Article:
35. That is the most ingenious way I’ve ever heard of someone making money!

  36. Hazzard says:

    Just a real quick note to say, “Brilliant!”. Now, I need to get down to the freeway offramp STAT!

  37. Kryx says:

    It’s an interesting idea and all, but how does he end up back to where he wants? Since he only ends up where other people take him, I’d imagine it’d take him some creativity to route his carpools to get back where he started eventually…

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  39. Charle says:

    Is there no one who sees this as cheating?
    Moving extra weight around does not help with reductions in fuel consumption/emissions/congestion.
    This is a subversion of the reason there are such lanes. They now become ‘carpoolers and rich drivers’ lanes.
    I’d rather the government sell one-day passes for low-occupancy cars so they could use the money to counteract the emissions.

  40. Bigern says:

    This is the best idea i’ve heard in a while.

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  44. T says:

    Boss?!?!?!…LOL you don’t get it he has no Boss, there is no such thing as Job security are you smoking?, if you believe that, this guy will be richer than you ever will and faster as well he also understands that with great risks comes great achievements, bravo to this guy, he is making it happen, that is how Bill Gates did it.

  45. John says:

    The problem with this story is that most car pool lanes in the Bay Area require 3 people. There are recognized stops (noted with signs) in many parts of the Bay Area where casual car poolers pick up 2 people for free in order to use the car pool lanes.

  46. CoolJay says:

    I think this idea is good, but now you have to ask: Is this job sexist? I truly believe that it is. Take for instance, is a woman really willing to stand on the curve to be picked up for the ride? This is starting to sound like a prostitution job if a woman does it. Although i praise you for coming up with this idea, I still think we have to think about it carefully before diving into for a living.

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  48. Duru says:

    This is just an extension, and a profitable one, of the long-standing process of picking up passengers who want to commute with you into SF. For example, I think this has been happening at the North Berkeley BART station almost as long as there have been carpool lanes on the Bay Bridge.

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  50. Chilehead says:

    Charle said:
    Is there no one who sees this as cheating?
    Moving extra weight around does not help with reductions in fuel consumption/emissions/congestion.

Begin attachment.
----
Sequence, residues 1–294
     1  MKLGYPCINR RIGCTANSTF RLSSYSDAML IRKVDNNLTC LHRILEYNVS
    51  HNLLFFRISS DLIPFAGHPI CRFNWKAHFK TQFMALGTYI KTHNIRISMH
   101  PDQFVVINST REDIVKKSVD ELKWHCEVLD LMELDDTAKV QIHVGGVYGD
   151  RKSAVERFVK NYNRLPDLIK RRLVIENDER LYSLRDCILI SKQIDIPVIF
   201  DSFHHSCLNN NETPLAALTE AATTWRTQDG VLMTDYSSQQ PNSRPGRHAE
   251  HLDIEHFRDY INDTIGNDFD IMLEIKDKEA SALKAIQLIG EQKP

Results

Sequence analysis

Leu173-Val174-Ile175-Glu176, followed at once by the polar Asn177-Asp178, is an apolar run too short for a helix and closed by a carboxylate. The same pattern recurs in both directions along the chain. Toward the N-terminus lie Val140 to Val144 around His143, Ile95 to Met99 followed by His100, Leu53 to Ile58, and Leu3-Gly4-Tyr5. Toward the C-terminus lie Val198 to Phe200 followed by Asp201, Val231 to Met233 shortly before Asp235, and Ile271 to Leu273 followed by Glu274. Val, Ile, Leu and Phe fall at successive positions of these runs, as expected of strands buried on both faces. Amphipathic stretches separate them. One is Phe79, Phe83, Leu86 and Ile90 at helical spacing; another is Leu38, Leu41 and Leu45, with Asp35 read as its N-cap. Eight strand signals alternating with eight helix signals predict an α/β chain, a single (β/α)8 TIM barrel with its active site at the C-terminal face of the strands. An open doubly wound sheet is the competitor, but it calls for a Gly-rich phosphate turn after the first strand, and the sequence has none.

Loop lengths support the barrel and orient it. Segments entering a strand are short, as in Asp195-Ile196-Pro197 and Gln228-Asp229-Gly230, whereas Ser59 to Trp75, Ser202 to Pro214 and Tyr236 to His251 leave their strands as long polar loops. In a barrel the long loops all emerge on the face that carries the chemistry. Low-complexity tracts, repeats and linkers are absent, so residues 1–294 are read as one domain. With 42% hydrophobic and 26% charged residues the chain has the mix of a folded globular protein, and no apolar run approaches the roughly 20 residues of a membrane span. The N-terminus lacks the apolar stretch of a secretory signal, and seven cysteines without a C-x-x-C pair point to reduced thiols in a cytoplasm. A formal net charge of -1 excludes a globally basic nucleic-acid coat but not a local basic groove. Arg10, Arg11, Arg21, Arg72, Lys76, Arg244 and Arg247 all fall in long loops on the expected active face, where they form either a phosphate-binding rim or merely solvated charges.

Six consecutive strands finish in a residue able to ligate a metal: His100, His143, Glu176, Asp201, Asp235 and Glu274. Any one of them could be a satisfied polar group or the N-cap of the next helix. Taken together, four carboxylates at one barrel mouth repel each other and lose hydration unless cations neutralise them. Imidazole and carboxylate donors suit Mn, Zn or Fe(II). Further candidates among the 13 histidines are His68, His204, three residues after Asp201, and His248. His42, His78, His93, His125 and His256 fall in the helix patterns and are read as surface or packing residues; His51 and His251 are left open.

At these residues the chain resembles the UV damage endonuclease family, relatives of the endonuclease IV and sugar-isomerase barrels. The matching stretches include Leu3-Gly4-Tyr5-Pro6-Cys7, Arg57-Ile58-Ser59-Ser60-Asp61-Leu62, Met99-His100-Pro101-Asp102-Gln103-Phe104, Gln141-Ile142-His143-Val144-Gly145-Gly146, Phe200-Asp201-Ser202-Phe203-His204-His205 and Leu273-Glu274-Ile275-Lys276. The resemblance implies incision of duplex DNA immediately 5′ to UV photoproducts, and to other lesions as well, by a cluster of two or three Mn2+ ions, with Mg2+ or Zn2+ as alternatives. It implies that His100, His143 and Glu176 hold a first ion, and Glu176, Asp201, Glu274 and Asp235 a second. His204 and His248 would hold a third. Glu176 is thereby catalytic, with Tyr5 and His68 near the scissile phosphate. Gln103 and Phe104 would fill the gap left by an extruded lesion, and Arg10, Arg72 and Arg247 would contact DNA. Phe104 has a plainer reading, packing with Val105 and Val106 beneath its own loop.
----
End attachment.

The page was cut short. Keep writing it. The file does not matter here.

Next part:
This is a subversion of the reason there are such lanes. They now become ‘carpoolers and rich drivers’ lanes.
    I’d rather the government sell one-day passes for low-occupancy cars so they could use the money to counteract the emissions.

    and I reply:
    Cheating? You’re kidding, right? No one (and I do mean no one) uses the carpool lane for reasons of consumption or emissions – they don’t give a flying fig about that stuff. People use things like the carpool lanes because they can, and it makes things easier for them. So in that respect everyone is cheating. The reason for the carpool lane is to encourage people to carpool… the reason for the lanes is separate from the reasons why people use them. If traffic is bad and you have the extra cash to pay someone to sit in your car, you are spending less time sitting on the freeway with the engine idling…. less emissions, more efficient energy use. And, someone gets paid for helping that happen. If you don’t have the money to do this, you actually have to find someone to carpool with that lives and works at/near the places you do. So here is something someone with no job can do to earn a living and reduce emissions! And the price keeps everyone from doing it, so the carpool lane doesn’t become as congested as the others and become worthless. Sure, the extra weight for no reason isn’t the best thing, but this isn’t a perfect world. And a car with two people in it doesn’t become that much less efficient because of the second person… the change is insignifigant with the kind of cars we use today. When we start using ultralight composite cars, maybe.

    Government selling passes so they can use the money to counteract emissions? There isn’t anything government can do to counteract emissions once they are in the air, no matter how much money you throw at it. Passing a law or ordinance requiring manufacturers to meet minimum MPG and emissions standards costs the government how much above it’s normal operating cost? Zero. It’s what they do.

    CoolJay: prostitution on the freeway? Not likely. I wouldn’t consider this any more sexist than the entire rest of society. If a woman was worried about rape doing this job, she could wear the new anti-rape condom while doing this. It would only take one person attempting it to put an end to that kind of danger. What guy wants his willie shredded on the freeway?